December 17, 2007
In the proposed exemption there is a constant mention of the role of the placement agent and the various responsibilities therein. The placement agent plays a vital role above and beyond what the exemption mentions. As the proposed exemption now reads, many of those safeguards could and more likely than not be ignored to the detriment of the investor.
In trying to interpret the intent of the exemption it appears the commission is under the belief the placement agent is independent. This is not always true. In cases where the placement agent is controlled by the RE sponsor the proposed exemption would give the sponsor absolute discretion on suitability and other regulatory matters. I do not believe the commission had this in mind. The doctrine by both FINRA and the SEC is very clear about supervising ones self. It is a recipe for disaster and abuse. The role of the placement agent for regulatory purposes is to act as a gatekeeper, thus delegating this role to the sponsor is tantamount of having the fox guarding the henhouse.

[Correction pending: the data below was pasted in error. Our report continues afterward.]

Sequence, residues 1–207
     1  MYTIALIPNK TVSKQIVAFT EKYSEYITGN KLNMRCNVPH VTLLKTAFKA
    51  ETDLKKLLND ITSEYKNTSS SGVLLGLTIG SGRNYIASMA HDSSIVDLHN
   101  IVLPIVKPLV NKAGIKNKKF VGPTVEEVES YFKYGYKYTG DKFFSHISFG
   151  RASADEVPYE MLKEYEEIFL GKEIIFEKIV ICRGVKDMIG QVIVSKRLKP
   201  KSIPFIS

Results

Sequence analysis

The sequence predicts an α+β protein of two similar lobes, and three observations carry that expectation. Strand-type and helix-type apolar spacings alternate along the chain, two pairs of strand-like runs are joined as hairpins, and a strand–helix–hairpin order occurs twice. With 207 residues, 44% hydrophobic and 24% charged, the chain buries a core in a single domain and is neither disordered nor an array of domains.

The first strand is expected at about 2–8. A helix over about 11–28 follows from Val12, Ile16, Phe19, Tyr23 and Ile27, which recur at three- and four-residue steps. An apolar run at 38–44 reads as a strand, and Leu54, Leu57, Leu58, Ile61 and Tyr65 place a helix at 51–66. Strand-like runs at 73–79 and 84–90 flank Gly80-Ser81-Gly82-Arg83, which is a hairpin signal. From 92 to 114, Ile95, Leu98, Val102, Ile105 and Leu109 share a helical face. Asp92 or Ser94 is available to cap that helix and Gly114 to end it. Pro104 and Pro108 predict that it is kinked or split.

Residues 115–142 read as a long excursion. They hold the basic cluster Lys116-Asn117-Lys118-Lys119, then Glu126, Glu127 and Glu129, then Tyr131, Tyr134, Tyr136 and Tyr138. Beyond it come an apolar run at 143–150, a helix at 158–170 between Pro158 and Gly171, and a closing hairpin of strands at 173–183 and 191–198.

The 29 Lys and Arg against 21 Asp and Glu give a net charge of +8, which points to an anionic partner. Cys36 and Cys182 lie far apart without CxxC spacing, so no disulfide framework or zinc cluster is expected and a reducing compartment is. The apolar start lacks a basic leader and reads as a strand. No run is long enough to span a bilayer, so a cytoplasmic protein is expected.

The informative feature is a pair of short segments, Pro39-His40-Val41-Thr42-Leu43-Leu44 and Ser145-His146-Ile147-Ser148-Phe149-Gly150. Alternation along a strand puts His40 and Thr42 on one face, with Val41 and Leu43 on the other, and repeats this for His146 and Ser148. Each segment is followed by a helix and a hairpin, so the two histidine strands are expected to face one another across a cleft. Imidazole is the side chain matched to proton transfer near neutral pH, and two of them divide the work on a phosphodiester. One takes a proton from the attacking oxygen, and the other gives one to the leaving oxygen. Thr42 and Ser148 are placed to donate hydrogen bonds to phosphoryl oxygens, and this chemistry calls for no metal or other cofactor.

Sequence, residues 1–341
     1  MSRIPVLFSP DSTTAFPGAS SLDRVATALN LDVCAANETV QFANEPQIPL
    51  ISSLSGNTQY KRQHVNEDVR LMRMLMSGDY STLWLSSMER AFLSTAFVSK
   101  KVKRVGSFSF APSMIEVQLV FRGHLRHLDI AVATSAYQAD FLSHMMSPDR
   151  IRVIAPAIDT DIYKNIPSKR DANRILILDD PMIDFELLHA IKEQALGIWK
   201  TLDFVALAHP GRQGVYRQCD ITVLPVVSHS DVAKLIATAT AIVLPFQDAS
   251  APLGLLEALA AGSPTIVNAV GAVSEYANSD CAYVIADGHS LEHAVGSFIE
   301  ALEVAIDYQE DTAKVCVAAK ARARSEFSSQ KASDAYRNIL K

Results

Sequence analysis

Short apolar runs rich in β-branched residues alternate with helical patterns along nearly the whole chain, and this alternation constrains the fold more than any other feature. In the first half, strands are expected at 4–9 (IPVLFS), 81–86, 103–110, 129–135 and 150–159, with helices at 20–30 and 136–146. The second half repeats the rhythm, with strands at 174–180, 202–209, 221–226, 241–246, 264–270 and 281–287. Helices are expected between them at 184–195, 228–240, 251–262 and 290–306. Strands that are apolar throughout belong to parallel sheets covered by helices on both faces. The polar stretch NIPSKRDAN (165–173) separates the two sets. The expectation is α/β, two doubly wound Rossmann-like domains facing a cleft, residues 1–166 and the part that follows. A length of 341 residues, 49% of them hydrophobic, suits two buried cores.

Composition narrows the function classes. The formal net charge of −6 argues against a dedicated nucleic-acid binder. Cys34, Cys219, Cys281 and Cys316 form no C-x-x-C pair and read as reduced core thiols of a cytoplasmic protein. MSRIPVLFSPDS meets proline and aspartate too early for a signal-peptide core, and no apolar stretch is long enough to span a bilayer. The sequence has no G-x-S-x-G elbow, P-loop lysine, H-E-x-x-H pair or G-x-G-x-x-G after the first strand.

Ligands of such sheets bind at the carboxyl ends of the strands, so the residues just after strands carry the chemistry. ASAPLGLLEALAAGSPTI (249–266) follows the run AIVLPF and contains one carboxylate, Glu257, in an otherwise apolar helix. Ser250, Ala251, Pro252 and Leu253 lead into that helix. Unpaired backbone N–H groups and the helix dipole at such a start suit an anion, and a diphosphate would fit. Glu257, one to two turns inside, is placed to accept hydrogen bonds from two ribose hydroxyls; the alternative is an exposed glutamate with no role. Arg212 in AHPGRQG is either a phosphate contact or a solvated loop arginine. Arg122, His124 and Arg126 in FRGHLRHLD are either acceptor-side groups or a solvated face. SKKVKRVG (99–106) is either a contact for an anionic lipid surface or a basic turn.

As the proposed exemption now reads there is nothing to prevent any sponsor from creating a broker-dealer, becoming its own placement agent, and employing a licensed clerical employee to sign off on all suitability issues and removing other registered representatives and broker-dealers from the process. By every standard promulgated by FINRA no single investment is suitable for everyone. Although it would make the sponsor liable to abide by rules of FINRA, including the ability of an investor to file an arbitration action, it does nothing to protect the investor. A sponsor owned placement agent would only show the CREP their own products nor would they have access to other sponsors products. It would also eliminate the protection afforded the investor by requiring a broker dealer to perform thorough due diligence on the offering. Having no outside due diligence from other members of a selling group would be eliminated and the old adage of let the buyer beware would again appear. The ultimate consequence would be a sponsor having to defend itself in a FINRA arbitration and devoting its resources to the arbitration rather than doing their primary job of that of a real estate company. Having a judgment awarded against them and hurting all of the investors from other TICs not directly affected by the specific instance is also likely.
It is our opinion language should be added to the proposed exemption mandating an independent placement agent in the TIC process in order to allow a sponsor to pay a qualified real estate agent for advice on a TIC.